Computer Engineering

The mission of the faculty of the undergraduate computer engineering program at Penn State is to provide students with the knowledge and experience needed to pursue a productive lifelong career in industry or to engage in further study at the graduate level. Students participate in a balanced program of instruction covering the basic principles of the design and application of computer systems. The program includes coverage in breadth and depth of basic science, engineering, and abstract concepts of information handling. Students specialize in and are prepared for careers in the design, analysis and use of hardware, software and systems. The program is structured to ensure that graduates have a clear understanding of the design and the applications of computers, as well as the ability to apply this knowledge throughout their professional careers. In particular, within a few years after graduation, graduates in computer engineering should be able to:

  1. Work in industry or government producing or evaluating components of computer hardware and/or software systems.
  2. Work in teams to design, implement, and/or maintain components of computer hardware and/or software systems.
  3. Stay current through professional conferences, certificate programs, post-baccalaureate degree programs, or other professional educational activities

During the first two years, students in computer engineering take many courses in common with other engineering majors, including courses in mathematics, physics, and chemistry. In addition, students take several specialized courses in the major, such as algorithms and programming, electrical engineering, digital systems and logic, and computational theory. From these courses, students gain experience using sophisticated software tools, working in a hardware laboratory, and completing individual and group projects. During the second two years, students complete a series of courses in both hardware and software systems. Students also select from numerous electives. Throughout the four years, students develop communication skills, including a senior year course in which students examine the complete design process and participate in a series of oral and written experiences similar to those that would be seen in industry.

A description of all computer engineering courses can be found on the Lion Path.

Below is a typical 4-year course load for computer engineering students:

Semester 1 (15 credits)
MATH 140 GQ or MATH 140E (Calculus I)
PHYS 211 GN (Mechanics)
CHEM 110 GN (Chemical Principles)
ENGL 15 or 30 GWS (Rhetoric & Composition)
First Year Seminar

Semester 2 (17 credits)
MATH 141 GQ or MATH 141E (Calculus II)
PHYS 212 GN (Electricity & Magnetism)
CMPSC 121 GQ (Intro. To Prog. Techniques)
2 GA, GH, or GS courses

Semester 3 (17 credits)
MATH 250 (Differential Equations)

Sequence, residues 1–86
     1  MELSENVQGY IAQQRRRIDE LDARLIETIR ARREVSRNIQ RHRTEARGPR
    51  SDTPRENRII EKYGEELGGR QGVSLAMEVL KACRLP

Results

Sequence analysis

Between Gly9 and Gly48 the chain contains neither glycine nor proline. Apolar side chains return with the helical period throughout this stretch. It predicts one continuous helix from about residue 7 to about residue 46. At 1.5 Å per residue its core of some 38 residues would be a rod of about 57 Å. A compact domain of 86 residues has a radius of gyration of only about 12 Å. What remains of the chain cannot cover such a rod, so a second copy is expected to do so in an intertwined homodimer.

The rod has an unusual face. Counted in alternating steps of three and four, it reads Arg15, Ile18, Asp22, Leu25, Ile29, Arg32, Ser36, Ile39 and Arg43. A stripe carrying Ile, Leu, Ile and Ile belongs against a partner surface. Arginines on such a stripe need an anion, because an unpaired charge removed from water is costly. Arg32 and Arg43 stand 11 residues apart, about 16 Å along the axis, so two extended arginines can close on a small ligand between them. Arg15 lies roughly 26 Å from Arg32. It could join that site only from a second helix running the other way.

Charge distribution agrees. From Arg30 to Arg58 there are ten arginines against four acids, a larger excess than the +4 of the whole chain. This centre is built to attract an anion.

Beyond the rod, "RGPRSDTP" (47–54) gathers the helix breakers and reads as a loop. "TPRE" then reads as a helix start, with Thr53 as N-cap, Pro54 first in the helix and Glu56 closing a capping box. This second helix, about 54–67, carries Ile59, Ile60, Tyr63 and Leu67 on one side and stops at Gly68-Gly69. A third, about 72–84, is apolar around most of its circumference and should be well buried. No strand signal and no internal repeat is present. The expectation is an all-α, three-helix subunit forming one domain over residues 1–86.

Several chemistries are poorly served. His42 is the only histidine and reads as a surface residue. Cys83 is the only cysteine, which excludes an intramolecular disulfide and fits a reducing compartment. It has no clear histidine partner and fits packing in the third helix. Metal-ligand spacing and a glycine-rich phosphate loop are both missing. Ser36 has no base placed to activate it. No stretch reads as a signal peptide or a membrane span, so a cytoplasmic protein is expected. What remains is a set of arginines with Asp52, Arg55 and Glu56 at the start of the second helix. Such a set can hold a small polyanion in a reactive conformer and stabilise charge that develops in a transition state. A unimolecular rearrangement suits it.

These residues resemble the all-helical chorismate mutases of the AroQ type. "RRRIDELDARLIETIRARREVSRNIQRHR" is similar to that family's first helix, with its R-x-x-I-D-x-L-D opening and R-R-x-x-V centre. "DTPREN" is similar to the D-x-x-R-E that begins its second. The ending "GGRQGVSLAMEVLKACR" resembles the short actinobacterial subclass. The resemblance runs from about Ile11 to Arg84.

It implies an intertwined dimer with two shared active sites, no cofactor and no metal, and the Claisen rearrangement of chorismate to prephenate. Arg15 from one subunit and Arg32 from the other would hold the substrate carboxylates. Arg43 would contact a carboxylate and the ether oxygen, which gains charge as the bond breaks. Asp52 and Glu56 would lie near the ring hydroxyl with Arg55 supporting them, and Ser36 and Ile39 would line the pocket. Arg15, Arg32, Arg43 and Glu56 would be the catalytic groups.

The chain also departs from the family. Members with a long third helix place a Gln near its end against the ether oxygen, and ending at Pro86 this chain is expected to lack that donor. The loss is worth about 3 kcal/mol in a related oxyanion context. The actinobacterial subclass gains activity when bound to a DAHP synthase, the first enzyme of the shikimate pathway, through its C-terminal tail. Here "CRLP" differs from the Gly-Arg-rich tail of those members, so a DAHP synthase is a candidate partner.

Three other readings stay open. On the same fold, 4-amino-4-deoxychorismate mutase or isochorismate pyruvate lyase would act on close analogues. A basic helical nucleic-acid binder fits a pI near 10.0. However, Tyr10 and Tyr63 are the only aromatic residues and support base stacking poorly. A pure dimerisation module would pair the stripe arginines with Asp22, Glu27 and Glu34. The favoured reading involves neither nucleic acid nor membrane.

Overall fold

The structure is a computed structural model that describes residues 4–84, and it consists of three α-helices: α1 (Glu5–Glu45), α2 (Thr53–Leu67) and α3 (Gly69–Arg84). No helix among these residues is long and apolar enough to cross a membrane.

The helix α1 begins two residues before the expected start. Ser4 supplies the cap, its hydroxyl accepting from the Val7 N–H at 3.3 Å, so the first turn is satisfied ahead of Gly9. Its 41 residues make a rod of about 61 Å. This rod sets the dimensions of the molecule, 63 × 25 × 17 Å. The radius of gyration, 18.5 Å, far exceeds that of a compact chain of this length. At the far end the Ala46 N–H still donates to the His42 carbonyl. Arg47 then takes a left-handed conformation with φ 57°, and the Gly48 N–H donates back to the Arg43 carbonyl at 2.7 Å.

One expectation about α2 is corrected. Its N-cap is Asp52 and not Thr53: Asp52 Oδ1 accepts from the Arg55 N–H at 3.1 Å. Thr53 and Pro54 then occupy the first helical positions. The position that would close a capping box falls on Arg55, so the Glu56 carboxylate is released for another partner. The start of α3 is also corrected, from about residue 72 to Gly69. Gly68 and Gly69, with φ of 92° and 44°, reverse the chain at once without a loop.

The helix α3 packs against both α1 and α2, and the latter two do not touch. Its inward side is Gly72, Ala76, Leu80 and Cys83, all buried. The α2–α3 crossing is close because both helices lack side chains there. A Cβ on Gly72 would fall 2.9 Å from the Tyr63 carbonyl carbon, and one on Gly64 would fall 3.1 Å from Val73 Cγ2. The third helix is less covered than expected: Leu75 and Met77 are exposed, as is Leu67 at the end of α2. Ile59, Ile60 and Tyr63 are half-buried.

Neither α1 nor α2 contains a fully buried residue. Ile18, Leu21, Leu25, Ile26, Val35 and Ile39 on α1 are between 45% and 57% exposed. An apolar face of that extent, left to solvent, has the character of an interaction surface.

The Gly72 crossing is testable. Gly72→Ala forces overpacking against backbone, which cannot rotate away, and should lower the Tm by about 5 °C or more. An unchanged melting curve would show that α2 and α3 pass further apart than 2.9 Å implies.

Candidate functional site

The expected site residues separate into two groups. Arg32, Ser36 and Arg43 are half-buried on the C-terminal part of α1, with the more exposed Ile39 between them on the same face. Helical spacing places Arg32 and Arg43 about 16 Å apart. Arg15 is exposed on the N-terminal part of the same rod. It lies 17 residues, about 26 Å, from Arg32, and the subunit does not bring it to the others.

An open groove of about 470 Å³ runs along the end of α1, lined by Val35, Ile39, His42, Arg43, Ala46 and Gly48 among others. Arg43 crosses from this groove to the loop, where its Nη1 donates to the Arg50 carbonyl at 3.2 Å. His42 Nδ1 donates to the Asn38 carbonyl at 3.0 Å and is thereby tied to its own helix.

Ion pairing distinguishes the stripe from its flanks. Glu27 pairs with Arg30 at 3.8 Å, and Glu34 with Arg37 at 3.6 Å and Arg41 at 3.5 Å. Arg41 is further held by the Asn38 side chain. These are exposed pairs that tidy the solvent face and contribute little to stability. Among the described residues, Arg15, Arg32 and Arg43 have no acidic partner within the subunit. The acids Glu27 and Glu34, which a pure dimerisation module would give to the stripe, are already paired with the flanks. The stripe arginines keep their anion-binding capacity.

MATH 220 GQ (Matrices)
CMPSC 122 (Intermediate Programming)
CMPEN 270 (Intro to Digital Systems)
PHYS 214 GN (Wave Motion & Quantum Physics)
GA, GH, or GS course

Semester 4 (15 credits)
MATH 231 (Calculus of Several Variables)
CMPSC 221 (OOP with Web Applications)
EE 210 (Circuits and Devices)
ECON 102,104, or ENNEC 100 (GS)
CMPEN 331 (Computer Organization & Design)

Semester 5 (16 credits)
CMPEN 431 (Intro to Computer Architecture)
EE 310 (Electronic Circuit Design)
CMPSC 311 (Systems Programming)
STAT 418 (Probability)
CAS 100 A/B (Effective Speech)

Semester 6 (15 credits)
CMPEN 362 (Communication Networks)
CMPSC 360 (Discrete Math for Comp. Science)
CMPSC 473 (Operating Systems)
ENGL 202C (Technical Writing)
EE 353 (Signals & Systems)

Semester 7 (16.5 credits)
GA, GH, or GS course
CMPEN 482W (Comp. Eng. Project Design)
CMPSC 465 (Data Structures & Algorithms)
CMPEN Computer Engineering Electiveii
Department List (General Elective)
Health & Physical Activity (GHA)

Semester 8 (16.5 credits)
CMPEN Computer Engineering Elective
CMPSC/CMPEN 400 level
CMPSC/CMPEN 400 level
Department List (General Elective)
GA, GH, or GS course
Health & Physical Activity (GHA)

 
 

About

The School of Electrical Engineering and Computer Science was created in the spring of 2015 to allow greater access to courses offered by both departments for undergraduate and graduate students in exciting collaborative research in fields.

We offer B.S. degrees in electrical engineering, computer science and computer engineering and graduate degrees (master's degrees and Ph.D.'s) in electrical engineering and computer science and engineering. EECS focuses on the convergence of technologies and disciplines to meet today’s industrial demands.

School of Electrical Engineering and Computer Science

The Pennsylvania State University

209 Electrical Engineering West

University Park, PA 16802

814-863-6740

Department of Computer Science and Engineering

814-865-9505

Department of Electrical Engineering

814-865-7667